As mentioned above, the National Party achieved a plurality in only four of the 72 electorates this election. Which were those seats?

electorate party party_vote_share
Epsom National Party 39.87
Tāmaki National Party 38.40
Taranaki-King Country National Party 37.49
Waikato National Party 38.65

Notably absent from that list are National strongholds like Pakuranga (where Simeon Brown won by 9756), Selwyn (where Nicola Grigg won by a distance of 4943) and Judith Collins’ own seat of Papakura (which she took by 5925 votes). Those are a lot of traditionally National seats where another party (i.e., Labour) won the most votes. Those are seats National may well have lost in a first-past-the-post system.

But, perhaps National suffered from the success of its resurgent partners, ACT? Those are still votes for the right, so they shouldn’t count as real loses, the logic might go. While that certainly does help, it doesn’t make a real difference: In a good-old-fashioned two-party FPP election, National would still have lost resoundingly. When one sums the left bloc (Greens and Labour) and the right bloc (ACT and National), the right still only takes 12 seats out of 72 avaliable, none of which they would hold by more than 3000 votes. Even Selwyn, long National’s safest seat or close to it, would have been marginal: The right led there by less than 700 votes.

electorate right_bloc left_bloc right_majority
Taranaki-King Country 16849 13971 2878
Waikato 17249 14548 2701
Tāmaki 17460 15153 2307
Epsom 16618 14313 2305
Whangaparāoa 18710 16508 2202
Southland 17148 15055 2093
Port Waikato 16512 14510 2002
Papakura 15354 13996 1358
Pakuranga 15404 14056 1348
East Coast Bays 15500 14515 985
Selwyn 17625 16996 629
Kaipara ki Mahurangi 16858 16273 585

How did the candidates do?

There appears to be a strong relationship between how a party performed and how its candidates performed. Plugging the party vote and candidate vote into a simple linear regression shows that, for a major party candidate in a general electorate, 61.17% of the variation in their candidate vote can be predicted from the party vote. Once the model accounts for the overall differences between National and Labour this year, the proportion accounted for shoots up to 79.19%.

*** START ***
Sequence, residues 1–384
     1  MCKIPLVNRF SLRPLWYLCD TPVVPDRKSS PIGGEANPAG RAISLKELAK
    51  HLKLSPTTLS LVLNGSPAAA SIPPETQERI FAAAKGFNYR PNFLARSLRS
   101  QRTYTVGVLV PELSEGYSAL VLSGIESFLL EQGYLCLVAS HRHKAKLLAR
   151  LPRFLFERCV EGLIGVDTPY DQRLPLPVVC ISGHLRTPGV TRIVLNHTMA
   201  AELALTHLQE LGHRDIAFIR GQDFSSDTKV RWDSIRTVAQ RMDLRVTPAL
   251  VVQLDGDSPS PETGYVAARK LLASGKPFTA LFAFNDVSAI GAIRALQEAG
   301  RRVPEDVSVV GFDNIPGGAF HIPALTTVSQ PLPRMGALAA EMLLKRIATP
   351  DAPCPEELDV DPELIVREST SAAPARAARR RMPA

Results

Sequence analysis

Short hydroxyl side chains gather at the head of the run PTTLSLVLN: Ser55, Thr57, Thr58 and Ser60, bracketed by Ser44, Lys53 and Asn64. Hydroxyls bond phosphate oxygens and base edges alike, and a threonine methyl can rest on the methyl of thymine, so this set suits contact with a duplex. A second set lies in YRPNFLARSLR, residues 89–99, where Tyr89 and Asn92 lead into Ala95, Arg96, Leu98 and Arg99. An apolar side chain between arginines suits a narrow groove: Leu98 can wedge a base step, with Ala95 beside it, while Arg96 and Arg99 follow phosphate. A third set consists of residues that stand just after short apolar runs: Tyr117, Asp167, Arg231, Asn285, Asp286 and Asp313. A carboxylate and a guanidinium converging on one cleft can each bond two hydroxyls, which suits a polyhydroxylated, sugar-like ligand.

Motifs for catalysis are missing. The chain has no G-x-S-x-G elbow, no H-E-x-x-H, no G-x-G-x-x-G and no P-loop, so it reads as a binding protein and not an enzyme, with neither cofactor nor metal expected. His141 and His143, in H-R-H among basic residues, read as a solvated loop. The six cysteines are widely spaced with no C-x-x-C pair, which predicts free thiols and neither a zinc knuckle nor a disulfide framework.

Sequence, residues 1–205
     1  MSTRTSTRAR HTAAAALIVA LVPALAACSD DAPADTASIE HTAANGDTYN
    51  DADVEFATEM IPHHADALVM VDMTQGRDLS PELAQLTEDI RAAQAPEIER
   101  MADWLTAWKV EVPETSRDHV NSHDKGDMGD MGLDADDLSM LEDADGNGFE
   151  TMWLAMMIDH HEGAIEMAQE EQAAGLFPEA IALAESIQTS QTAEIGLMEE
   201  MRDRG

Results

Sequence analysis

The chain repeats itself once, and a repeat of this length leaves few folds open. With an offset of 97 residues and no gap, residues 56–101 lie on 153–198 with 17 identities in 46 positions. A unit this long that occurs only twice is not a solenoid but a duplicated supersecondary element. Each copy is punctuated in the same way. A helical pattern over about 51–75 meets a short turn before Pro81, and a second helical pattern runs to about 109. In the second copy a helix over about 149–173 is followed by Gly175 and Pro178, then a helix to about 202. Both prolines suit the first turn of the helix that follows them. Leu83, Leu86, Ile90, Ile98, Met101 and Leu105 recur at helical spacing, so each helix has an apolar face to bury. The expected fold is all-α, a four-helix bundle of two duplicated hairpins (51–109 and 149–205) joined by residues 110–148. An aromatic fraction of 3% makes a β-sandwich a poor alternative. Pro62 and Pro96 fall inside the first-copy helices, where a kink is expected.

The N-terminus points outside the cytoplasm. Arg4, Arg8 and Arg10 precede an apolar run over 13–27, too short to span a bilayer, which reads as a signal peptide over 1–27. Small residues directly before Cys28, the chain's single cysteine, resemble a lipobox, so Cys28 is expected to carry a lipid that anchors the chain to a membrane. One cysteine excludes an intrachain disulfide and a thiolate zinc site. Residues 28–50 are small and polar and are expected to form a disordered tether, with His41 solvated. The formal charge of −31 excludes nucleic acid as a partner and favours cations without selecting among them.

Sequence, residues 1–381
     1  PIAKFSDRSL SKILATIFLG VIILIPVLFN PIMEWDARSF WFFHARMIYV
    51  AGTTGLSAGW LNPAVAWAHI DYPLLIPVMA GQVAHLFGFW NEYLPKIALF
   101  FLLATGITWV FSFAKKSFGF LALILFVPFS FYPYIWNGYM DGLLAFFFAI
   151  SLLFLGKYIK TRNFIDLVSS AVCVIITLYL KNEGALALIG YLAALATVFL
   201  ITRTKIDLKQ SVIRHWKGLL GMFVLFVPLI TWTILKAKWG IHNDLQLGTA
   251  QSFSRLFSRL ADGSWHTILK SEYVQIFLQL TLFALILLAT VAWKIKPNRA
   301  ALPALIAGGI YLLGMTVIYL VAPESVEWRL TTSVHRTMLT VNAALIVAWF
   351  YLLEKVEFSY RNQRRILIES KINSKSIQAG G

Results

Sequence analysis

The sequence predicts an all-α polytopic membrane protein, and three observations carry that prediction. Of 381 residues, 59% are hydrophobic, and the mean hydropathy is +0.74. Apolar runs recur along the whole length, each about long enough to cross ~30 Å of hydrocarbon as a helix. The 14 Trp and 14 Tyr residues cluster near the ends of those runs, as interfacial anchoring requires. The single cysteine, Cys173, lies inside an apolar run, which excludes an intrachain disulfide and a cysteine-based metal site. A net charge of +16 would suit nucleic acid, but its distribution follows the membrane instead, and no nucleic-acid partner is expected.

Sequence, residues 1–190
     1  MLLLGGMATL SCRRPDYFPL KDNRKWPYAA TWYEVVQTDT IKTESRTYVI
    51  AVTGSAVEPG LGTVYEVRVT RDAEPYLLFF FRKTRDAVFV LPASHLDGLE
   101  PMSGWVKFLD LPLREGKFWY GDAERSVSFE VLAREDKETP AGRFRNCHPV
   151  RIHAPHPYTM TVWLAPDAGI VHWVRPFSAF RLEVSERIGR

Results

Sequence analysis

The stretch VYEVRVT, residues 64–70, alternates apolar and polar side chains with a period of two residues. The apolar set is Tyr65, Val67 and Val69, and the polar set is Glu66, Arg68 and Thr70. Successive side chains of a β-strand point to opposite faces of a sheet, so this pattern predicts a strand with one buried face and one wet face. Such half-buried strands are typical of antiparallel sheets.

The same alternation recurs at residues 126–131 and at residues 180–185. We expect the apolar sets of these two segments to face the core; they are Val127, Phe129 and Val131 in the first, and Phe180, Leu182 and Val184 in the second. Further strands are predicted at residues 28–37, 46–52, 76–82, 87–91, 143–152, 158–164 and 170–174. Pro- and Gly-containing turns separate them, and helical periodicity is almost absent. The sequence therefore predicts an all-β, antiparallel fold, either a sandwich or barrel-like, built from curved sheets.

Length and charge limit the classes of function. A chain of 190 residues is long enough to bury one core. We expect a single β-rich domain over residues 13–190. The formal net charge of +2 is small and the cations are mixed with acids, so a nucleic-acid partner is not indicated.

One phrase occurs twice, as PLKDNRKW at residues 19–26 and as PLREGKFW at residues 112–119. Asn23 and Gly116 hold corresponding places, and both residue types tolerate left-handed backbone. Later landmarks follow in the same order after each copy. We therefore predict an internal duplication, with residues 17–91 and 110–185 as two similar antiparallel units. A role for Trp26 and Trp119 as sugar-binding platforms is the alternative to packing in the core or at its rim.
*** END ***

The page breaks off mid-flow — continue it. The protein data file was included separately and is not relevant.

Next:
The obvious question then is “What about that 20.81%”? Which candidates did well? By regressing the candidate vote against both the party from which the candidate comes and that party’s party vote, we can come up with the predicted result of an ‘average’ National/Labour candidate standing in that seat and work out which candidates beat that ‘benchmark’. Here are the list from Labour:

And from National:

Now, we shouldn’t immediately conclude from this that every Labour MP should have campaigned like Duncan Webb and every National MP should have campaigned like Chris Bishop. An MP who did a bad job spreading the party vote message in their constituency, but did a passable one promoting themselves, would do very well on this metric. But we can conclude that a constituency candidate’s fate is not entirely in the hands of their party – they can change it in or against their own favour. (A better model would also account for incumbency bias – outperformers tend to be incumbents, probably because of their preexisting local profile – and perhaps also the depth of the field – so as to avoid unduly punishing candidates like Helen White who run in the three-horse races.)

Where did they do well?

This will be a longer post sometime in the future. In that post, I’ll see what predicts support for each of the parties based on the characteristics of the constituencies. But, in the mean time, here are the party votes cast in the general electorates aggregated into some rough regions (please excuse my poor New Zealand geography, especially residents of the Central North Island – I have no reason to be bad at it. I just am.):

The aforementioned post is avaliable here:


If you see mistakes or want to suggest changes, please create an issue on the source repository.